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Blood Rev. 2014 Sep;28(5):213-20. doi: 10.1016/j.blre.2014.06.004. Epub 2014 Jul 12.

Non-Hodgkin lymphomas in pregnancy: tackling therapeutic quandaries.

Author information

1
Department of Hematology and Bone Marrow Transplantation, Rambam Health Care Campus, Haifa, Israel; Bruce Rappaport Faculty of Medicine, Technion, Haifa, Israel. Electronic address: irit_avivi@hotmail.com.
2
Bruce Rappaport Faculty of Medicine, Technion, Haifa, Israel.
3
Department of Hematology and Bone Marrow Transplantation, Rambam Health Care Campus, Haifa, Israel; Bruce Rappaport Faculty of Medicine, Technion, Haifa, Israel.

Abstract

Hodgkin lymphoma (HL) and non-Hodgkin lymphoma (NHL) often present with systemic symptoms such as fatigue, shortness of breath and night sweats, mimicking pregnancy-related features which may result in delayed disease diagnosis. Furthermore, the wish to avoid investigational imaging, aiming to protect the fetus from radiation exposure, may lead to a further delay, which does not often result in significant changes in HL clinical nature and patient outcome. In contrast, a more aggressive behavior (i.e., advanced disease stage and reproductive organ involvement) of most NHL types diagnosed in pregnancy may require urgent therapeutic intervention to prevent disease progression. Current management of pregnancy-associated NHL depends on histological subtype of the disease, gestational stage at diagnosis and the urgency of treatment for a specific patient. Patients diagnosed with indolent lymphoma may often be just followed, whereas those presenting with aggressive or highly aggressive disease need to be urgently treated with chemoimmunotherapy, either after undergoing an elective pregnancy termination if diagnosed at an early gestational stage, or with pregnancy preservation, if diagnosed later. Supportive care of NHL is also important; however, granulocyte colony stimulating factor (G-CSF) which is commonly used outside of pregnancy, should be cautiously employed, considering its established teratogenicity in animals, though this is less proven in humans. In conclusion, given the paucity of studies prospectively evaluating the outcome of pregnant women with NHL, international efforts are warranted to elucidate critical issues and develop guidelines for the management of such patients.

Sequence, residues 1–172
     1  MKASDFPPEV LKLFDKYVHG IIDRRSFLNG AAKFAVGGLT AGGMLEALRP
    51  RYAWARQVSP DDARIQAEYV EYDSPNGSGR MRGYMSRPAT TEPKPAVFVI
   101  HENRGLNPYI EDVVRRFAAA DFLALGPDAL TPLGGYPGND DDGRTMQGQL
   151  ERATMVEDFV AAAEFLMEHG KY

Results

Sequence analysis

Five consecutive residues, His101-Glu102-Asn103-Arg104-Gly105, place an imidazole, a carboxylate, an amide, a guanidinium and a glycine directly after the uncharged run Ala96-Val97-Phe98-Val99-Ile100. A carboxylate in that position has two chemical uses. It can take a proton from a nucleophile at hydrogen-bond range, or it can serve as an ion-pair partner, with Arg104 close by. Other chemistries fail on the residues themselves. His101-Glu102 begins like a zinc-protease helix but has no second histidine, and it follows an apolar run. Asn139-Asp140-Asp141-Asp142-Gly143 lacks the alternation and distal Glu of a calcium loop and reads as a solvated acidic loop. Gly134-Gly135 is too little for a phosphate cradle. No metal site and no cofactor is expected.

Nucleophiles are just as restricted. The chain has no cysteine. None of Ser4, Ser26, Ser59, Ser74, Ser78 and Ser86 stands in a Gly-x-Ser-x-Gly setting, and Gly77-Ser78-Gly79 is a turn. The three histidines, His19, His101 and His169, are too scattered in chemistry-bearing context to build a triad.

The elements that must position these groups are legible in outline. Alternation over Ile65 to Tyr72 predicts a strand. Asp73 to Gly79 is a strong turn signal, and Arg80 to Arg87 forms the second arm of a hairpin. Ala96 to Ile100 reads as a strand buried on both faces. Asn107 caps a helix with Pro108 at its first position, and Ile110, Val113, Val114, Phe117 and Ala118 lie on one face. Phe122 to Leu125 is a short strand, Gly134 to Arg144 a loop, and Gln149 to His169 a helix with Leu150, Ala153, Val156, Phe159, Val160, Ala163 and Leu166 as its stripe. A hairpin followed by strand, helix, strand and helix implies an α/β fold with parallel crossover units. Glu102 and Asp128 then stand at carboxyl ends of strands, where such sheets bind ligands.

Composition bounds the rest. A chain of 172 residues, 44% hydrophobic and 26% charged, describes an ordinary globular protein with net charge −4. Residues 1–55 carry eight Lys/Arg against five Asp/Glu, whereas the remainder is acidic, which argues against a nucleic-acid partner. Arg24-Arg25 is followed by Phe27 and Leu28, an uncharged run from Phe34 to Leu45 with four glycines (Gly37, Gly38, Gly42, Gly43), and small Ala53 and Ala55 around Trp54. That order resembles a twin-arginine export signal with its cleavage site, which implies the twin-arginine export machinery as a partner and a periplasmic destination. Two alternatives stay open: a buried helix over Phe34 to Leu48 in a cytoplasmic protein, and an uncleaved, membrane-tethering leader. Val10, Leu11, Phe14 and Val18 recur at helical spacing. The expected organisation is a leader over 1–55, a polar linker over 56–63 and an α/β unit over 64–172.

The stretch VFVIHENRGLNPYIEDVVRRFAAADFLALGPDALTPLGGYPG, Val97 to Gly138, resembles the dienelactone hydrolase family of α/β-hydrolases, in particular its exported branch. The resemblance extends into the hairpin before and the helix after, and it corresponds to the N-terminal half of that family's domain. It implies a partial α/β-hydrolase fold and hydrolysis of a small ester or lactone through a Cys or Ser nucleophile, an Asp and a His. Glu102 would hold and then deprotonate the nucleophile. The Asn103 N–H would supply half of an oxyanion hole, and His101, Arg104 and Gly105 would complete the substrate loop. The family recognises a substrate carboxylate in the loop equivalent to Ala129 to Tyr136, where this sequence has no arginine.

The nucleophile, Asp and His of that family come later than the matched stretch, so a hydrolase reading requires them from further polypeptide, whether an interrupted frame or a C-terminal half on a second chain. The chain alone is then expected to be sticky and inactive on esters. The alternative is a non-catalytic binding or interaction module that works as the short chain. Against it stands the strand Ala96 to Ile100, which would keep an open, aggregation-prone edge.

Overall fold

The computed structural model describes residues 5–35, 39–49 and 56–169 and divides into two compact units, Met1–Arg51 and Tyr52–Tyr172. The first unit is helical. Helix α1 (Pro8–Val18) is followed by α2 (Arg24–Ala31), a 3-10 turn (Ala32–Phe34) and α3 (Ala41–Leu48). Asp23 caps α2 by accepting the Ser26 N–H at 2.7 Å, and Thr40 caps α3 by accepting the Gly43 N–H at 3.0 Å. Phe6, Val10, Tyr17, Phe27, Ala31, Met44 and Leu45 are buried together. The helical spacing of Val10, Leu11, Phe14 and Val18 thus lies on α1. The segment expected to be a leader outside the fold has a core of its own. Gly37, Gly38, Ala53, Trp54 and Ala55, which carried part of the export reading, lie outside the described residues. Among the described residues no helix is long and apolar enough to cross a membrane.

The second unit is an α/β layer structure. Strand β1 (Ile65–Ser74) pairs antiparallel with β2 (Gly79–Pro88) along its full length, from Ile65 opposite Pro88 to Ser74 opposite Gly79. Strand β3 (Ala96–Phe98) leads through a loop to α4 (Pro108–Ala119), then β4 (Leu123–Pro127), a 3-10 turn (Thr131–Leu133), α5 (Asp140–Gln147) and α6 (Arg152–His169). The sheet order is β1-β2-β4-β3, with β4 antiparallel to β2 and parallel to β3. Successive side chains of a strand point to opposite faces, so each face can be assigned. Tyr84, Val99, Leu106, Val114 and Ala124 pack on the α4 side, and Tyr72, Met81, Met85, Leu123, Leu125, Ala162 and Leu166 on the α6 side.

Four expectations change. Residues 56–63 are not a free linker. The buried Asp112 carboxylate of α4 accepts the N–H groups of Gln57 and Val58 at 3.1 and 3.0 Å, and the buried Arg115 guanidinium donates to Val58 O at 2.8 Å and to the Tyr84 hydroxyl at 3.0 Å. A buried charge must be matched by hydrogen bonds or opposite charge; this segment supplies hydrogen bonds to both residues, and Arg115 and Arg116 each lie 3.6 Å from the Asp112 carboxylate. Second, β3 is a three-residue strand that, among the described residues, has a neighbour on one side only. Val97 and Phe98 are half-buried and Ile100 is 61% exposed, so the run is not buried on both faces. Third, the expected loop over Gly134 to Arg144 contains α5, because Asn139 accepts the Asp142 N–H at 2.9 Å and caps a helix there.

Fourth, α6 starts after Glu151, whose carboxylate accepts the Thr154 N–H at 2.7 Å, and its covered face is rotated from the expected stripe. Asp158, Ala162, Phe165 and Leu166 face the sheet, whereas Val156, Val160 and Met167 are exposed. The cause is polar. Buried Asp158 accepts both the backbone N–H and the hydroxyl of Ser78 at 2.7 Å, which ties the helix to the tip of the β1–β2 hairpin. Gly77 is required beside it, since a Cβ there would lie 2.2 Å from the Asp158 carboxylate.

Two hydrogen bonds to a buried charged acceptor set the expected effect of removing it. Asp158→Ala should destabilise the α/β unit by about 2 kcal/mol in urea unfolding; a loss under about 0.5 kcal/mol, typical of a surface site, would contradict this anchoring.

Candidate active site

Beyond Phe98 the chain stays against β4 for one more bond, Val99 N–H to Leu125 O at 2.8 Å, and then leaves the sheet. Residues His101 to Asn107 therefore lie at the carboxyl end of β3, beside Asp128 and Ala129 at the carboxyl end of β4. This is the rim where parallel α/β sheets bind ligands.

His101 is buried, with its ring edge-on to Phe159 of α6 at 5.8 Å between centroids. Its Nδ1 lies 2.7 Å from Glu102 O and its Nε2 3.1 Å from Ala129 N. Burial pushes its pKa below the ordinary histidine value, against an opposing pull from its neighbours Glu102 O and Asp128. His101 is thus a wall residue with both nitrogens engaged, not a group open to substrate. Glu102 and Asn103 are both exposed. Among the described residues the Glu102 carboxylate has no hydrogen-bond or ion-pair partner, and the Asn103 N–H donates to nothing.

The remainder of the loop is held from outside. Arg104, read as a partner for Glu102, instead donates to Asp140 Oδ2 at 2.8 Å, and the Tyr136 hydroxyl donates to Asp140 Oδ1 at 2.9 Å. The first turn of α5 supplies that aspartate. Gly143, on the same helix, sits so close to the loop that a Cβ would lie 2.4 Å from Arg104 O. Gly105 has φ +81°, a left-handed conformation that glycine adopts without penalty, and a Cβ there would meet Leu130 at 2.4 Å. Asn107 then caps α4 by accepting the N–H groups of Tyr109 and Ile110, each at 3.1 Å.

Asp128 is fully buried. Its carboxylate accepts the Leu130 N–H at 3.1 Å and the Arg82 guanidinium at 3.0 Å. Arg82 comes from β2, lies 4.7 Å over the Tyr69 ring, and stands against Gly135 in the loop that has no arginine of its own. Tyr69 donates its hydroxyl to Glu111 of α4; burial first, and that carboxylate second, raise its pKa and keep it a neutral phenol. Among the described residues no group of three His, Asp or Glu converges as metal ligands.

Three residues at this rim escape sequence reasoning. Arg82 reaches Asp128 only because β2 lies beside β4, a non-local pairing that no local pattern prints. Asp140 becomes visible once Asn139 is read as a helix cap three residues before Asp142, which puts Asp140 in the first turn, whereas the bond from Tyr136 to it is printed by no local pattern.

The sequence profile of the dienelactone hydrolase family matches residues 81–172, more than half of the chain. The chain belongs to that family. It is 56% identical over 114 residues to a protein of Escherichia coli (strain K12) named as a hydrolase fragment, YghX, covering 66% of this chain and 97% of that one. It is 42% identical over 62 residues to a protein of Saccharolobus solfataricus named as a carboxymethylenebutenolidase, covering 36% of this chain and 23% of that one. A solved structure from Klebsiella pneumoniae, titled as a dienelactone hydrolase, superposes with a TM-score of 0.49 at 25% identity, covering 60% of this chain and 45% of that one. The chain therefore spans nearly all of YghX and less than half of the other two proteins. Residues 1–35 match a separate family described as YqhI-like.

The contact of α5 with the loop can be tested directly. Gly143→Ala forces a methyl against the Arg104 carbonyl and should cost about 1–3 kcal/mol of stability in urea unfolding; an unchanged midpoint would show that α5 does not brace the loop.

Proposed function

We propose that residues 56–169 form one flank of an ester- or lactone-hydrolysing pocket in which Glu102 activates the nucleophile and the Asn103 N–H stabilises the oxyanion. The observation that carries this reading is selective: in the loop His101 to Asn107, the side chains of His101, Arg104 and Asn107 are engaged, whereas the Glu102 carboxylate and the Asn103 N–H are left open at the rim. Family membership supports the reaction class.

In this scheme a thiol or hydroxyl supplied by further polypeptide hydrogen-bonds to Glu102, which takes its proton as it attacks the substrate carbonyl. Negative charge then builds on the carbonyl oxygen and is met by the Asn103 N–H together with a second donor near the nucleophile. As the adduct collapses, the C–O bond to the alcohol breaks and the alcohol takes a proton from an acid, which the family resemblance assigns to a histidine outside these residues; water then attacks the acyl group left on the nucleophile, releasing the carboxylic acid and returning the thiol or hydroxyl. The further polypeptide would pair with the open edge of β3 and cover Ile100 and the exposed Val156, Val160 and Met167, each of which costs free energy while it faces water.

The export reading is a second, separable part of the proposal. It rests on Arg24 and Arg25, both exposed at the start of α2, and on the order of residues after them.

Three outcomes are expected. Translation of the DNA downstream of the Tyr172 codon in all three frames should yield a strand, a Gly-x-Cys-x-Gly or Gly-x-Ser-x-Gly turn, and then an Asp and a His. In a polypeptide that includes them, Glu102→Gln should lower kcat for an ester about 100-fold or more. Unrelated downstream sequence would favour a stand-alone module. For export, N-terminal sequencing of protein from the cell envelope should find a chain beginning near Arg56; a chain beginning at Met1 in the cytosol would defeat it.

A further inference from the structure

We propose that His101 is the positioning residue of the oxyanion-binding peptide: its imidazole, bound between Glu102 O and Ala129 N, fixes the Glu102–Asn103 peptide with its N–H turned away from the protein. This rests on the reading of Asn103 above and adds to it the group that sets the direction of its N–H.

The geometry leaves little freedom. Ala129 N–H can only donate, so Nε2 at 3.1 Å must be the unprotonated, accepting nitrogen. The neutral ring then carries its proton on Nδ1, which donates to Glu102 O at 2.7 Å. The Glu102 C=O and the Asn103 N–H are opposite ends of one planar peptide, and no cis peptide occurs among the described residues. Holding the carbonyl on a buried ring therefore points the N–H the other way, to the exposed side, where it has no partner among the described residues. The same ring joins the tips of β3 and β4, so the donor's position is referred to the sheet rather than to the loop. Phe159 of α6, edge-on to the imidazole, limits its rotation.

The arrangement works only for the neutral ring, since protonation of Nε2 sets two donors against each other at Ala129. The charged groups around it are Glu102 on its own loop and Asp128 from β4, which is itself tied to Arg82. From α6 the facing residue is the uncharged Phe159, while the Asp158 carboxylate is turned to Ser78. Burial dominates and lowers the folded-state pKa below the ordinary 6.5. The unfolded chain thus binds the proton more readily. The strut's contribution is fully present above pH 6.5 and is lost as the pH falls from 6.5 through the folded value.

KEYWORDS:

Chemotherapy; Lymphoma; Non-Hodgkin lymphoma; Pregnancy

PMID:
25108745
DOI:
10.1016/j.blre.2014.06.004
[Indexed for MEDLINE]

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